and the lowest being $235 a week in Mississippi Meaning regardless of your prior income, that’s the most you can get Some states require that you prove you’re looking for a job while claiming unemployment and a few require you to take any job that is offered to you Even if it’s part-time, minimum wage, or way outside of your skillset Studies have shown that in general, people who are on unemployment don’t spend any more time unemployed than people who live off of their savings It’s just a way to help you pay the bills and keep a roof over your head while you look for a job Speaking of keeping a roof over your head, I’m actually kind of surprised we haven’t talked about housing assistance yet It’s actually kind of complicated and I’m going to need some visuals… actually, hold on, I have something for this It’s a good thing I brought up Monopoly… F*** Alright so, this is a rich person’s house and this is a … wait Okay, alright so, this is a rich person’s house and this is a… Hold on a second I got this one So housing assistance today comes in a couple forms We’ll start with traditional public housing projects So a “project” was usually a certain number of towers or low-rise housing blocks clustered in an area, all built at once The most important thing to remember is the vast majority of public housing “projects” were built under the 1937 Wagner-Steagall Housing Act and its 1949 amendments The legislation was drafted to “improve” the housing supply, rather than to add to it — New public housing had to replace private housing “one-for-one.” This was so as to not “distort the housing market” with an excess of affordable public housing units So whole neighborhoods were levelled to build public housing Now, the low-rise blocks usually did quite well as they were cheap and easy to maintain, but the towers usually didn’t fare as well Once occupancy dropped below 100% there wasn’t enough rent to keep all the complicated systems that make a housing tower work in a state of good repair, and stuff started to fall apart Now, “HOPE VI” in the early 1990s was a program originally designed to demolish and replace the most “blighted” public housing towers with new, “mixed income” housing to reduce “concentrated poverty.” The idea being that if poor people live next to rich people they’ll stop being poor, because, I dunno, money travels through walls by osmosis or something Right Originally this program worked as designed but in the late 1990s under the leadership of some guy named “Andrew Cuomo” the definition of “blighted” expanded to include “any project on valuable land we can make a buck off of by selling or leasing it to private developers.” There is also a thing called “scattered sites.” where a public housing authority buys ordinary houses and rents them out to those who qualify for public housing You might live next to one and not even know it So you qualify for public housing if you are “low-income”, defined by the department of housing and urban development as making 80% of median area income Your rent is capped at 30% of your income, with a lower boundary of $25 a month Now if you think this sounds appealing, you’ll find that a lot of other folks also think so! My local housing authority, the Philadelphia Housing Authority, has a waitlist for its public housing projects which is 104,000 names long The average wait time for a unit is ten years This is of course compounded by the fact that demolition of housing projects are still underway under HOPE VI even as the waitlist expands Now, luckily there’s an alternative to government run public housing called Section 8 So a Section 8, or “housing choice voucher” works like this: You can rent a private residential unit in any building with a Section 8-friendly landlord You are expected to pay 30% of your income in rent, with the remainder made up by the local housing authority Section 8 landlords are required to charge no more than what the government calls “fair market rent” — usually well below actual market rent Since there are a lot of section 8 tenants to choose from and HUD is fairly prompt with the checks, it’s easy and steady money for landlords We spent about $32 billion on the Section 8 program in 2017 — as compared to $6.3 billion

on public housing in the same year However, much like public housing units, the demand for Section 8 vouchers far outstrips the supply In 2011, for instance, the Oakland California PHA received 100,000 Section 8 applications in its 5-day application period Through a lottery, 10,000 of them actually made it on the waiting list, which was 6 years long at that point Most Section 8 waiting lists are outright closed And there are a dozen or so smaller programs like the low-income heating assistance program or LIHEAP, which helps folks pay for gas and electric in the winter, and some programs that subsidize private low-income housing developments, often in the form of tax credits A lot of these are administered by municipalities so it’s hard to track how much they cost us on a national level So there is housing assistance for the poor, but it’s not easy to get Do you get anything if you’re middle-class or rich? Yes it’s called a 30-year mortgage and is one of the most durable facets of the New Deal which has had the largest impact on American life But you’ll have to go to my channel to learn more I’m donoteat, but my channel is called “donoteat01” because someone already took “donoteat.” I have an hour on this subject of public housing over there, soon to be 2 hours, and that second hour is where you’ll learn about mortgages, so go over there and watch that if you wanna know more about public housing and housing assistance in America Ok, the commercial’s over, back to the studio Wait, sorry, hold on! Alright, so there’s one last program that we need to talk about here – Social Security – and before you freak out and say it’s a benefit you’ve earned You’re right, Social Security itself isn’t welfare by our definition But there are three parts to Social Security and two of them definitely are Social Security Disability Insurance, or SSDI, is a cash assistance program for people who have a physical or mental condition that prevents them from engaging in a “substantial gainful activity.” It’s not Worker’s Comp, you don’t get it because of a workplace accident It has to be a disability that prevents you from getting a job for at least twelve months, or less than twelve months but will eventually result in death, and be under 65 years old You also have to have contributed to Social Security for at least half of your working life 10.7 million people are on the program, costing the government 142.9 billion dollars, with the average person receiving 1166 dollars a month SSDI comes from the Social Security Trust Fund, which is separate from general taxes Supplemental Security Income, on the other hand, does come from general taxes and the regular federal budget SSI is a supplement to Social Security or SSDI for people with low incomes You have to be drawing from Social Security or SSDI already, but that amount is low enough that you’re still not able to make ends meet The maximum payout is 733 dollars for a single person and 1100 for a couple It’s still run by the Social Security Administration, 8.3 million people are part of this program and it costs the government 63.4 billion dollars So alright, the elephant in the room Social Security is a mandatory socialized retirement program in the United States, and like Medicare, is subsidized through that 6.2% FICA Tax on your paycheck and is not run for profit Unlike the retirement program that you may or may not have through your employer It’s not a Ponzi scheme, it’s not going to run out, that’s just something politicians used to say because they wanted to lower taxes and privatize it Isn’t weird that they stopped talking about that when the Baby Boomers started retiring? That fear came from the idea that each generation would be bigger than the last, which isn’t the case, Social Security isn’t going anywhere It probably won’t be enough for you to retire on, but it will be there You can retire early at 62 for a reduced amount, but for most of the people watching this video, the full benefit doesn’t start until you’re 67 You also have to contribute to it for at least 10 years This is why undocumented immigrants aren’t a drain on Social Security, because they probably didn’t contribute to it at all Can we stop with that stupid myth please? Once you’ve contributed enough, you’ll start getting a statement in the mail detailing how many credits you’ve earned and how much you would get if you retired or were injured today Or, you can also check it online 49.5 million people are part of the general Social Security program, which costs the Social Security Trust Fund 762.1 billion dollars The average person receives 1345 a month, but it varies widely depending on how much you contributed Social Security is not welfare under the definition that we established, it’s a general retirement fund that you contribute to during your working life and draw from later in life You’re not getting it because of your income or inability to work, aside from SSI and SSDI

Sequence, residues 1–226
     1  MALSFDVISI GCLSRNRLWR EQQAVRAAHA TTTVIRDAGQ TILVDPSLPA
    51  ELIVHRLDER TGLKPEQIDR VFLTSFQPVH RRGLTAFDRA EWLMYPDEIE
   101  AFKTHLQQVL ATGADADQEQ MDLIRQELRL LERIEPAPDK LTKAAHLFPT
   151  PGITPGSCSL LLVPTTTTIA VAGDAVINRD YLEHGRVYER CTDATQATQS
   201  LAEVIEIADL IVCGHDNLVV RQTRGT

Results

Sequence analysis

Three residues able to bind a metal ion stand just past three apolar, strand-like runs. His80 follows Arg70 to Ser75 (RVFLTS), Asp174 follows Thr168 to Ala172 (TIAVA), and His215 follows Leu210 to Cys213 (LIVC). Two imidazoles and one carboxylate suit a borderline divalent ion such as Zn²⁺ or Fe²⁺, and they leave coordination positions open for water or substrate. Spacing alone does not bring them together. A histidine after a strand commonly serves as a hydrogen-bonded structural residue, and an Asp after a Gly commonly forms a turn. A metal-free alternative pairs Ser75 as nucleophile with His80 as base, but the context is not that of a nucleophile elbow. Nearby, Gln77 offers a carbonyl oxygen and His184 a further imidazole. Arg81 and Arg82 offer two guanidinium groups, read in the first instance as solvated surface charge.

I only bring it up because it was one of the most mentioned programs when I asked on Twitter – but also because it could serve as a decent scaffold for what we could turn welfare into Many people in both major parties want to reform our welfare system Our system is extremely complicated, we only talked about fifteen programs in this video and that barely scratches the surface And many of them overlap and require you to be in multiple programs We could simplify this system by introducing a Universal Basic Income, that is a flat check to everyone in the country, regardless of income, age, disability, or anything else It’s also known by other names like “Mincome” and the Negative Income Tax, which was first proposed by Nixon of all people You’ve probably already heard about UBI from politicians or… a certain German Youtube channel whose name I would butcher if I even tried… For this video, we’ll talk mostly about the Minimum Basic Income, enough money to be above the poverty line In the US, this means about 1000 dollars a month, or 12,000 dollars a year Before you go thinking that that is an excessively large amount, if we were to combine every program we talked about in this video and disperse it evenly among every man, woman, and child in the United States, each person would get 635 dollars a month So without making any other changes whatsoever, we’re already about two-thirds of the way there We could combine all of these programs and eliminate all of the bureaucracy that we already have in the budget and shift it to one program that covers everyone And we already have an agency that collects from and tracks everyone – Social Security One of the common arguments against a universal basic income is that people would get lazy, stop working, and just live off of the government As if $12,000 a year is enough to live on, there’s a reason they call it the Poverty Line But while studies are currently starting in the United States and wrapping up in Finland, they were done 40 years ago in Canada And almost nobody quit working Really, the only people to work less were women who took a longer maternity leaves and teenage boys who chose not to drop out of school because the family wasn’t desperate for another source of income Oh man, what a socialist dystopia Imagine that, not having to drop out of school to go slave away in the mines so your family has enough to eat But there are other benefits to a Universal Basic Income Since automation is likely going to reduce the amount of jobs available, people will be laid off through no fault of their own UBI could keep them afloat, rather than unemployment Likewise, if work becomes optional, employers will have to improve conditions or offer extra incentives in order to keep people working there We could also accomplish that Libertarian dream of abolishing the minimum wage If all of your basic needs are already met and you don’t need your job in order to keep your apartment or go to the doctor, you wouldn’t need to be paid a livable wage Because you already have a “livable” wage Work just becomes extra money, they could pay you whatever the market decides is fair, because no one needs it to survive And what would you do with all of that extra time on your hands? Learn a new hobby from Skillshare by going to skl.sh/knowingbetter4 Skillshare is an online learning community where you can learn new life skills from experts in their field If all of your basic needs are met, you can finally learn how to basket weave, it’s not underwater but you have to start somewhere right? Or, like me, you can try to up your video editing skills by taking this course in Adobe Premiere You may have noticed a few style changes here and there on my channel recently and learning Premiere is part of that transition I would be completely lost without this series So head on over to skl.sh/knowingbetter4 and get 2 months of unlimited access to all of Skillshare’s courses for free, you’ll also be supporting the channel when you do A Universal Basic Income would require us to fundamentally change the way we think about money Which is actually a lot harder than you might think, people get very set in their ways, especially when it comes to money If we introduced UBI and got rid of minimum wage, many people would have a hard time adjusting taking a job that only pays 2 dollars an hour We’d also probably have to restructure the way we do taxes But not changing because – ugh, it’s just too hard – isn’t a good enough reason This is America, I thought we took pride in accomplishing difficult things It would also stop people from complaining about how certain people are takers and should work just as hard as them If everyone is getting the same amount, everything is fair As the world changes, technology gets better, and jobs disappear we’re going to have to adapt with the times, just like we have in the past Remember when we got off the Gold Standard in the US or when Europe adopted the Euro? So now that you have a better understanding of the systems we already have in place, you can start thinking about how we can change them in the future, because now you… know better I’ll be streaming the State of the Union much like I did last year, so be on the lookout for that announcement Big thanks to DoNotEat for helping me with the housing segment, be sure to check out his channel in the links below If you’d like to help support the channel, head on over to patreon.com/knowingbetter, don’t forget to subsidize that subscribe button, follow me on twitter and facebook, and join us on the subreddit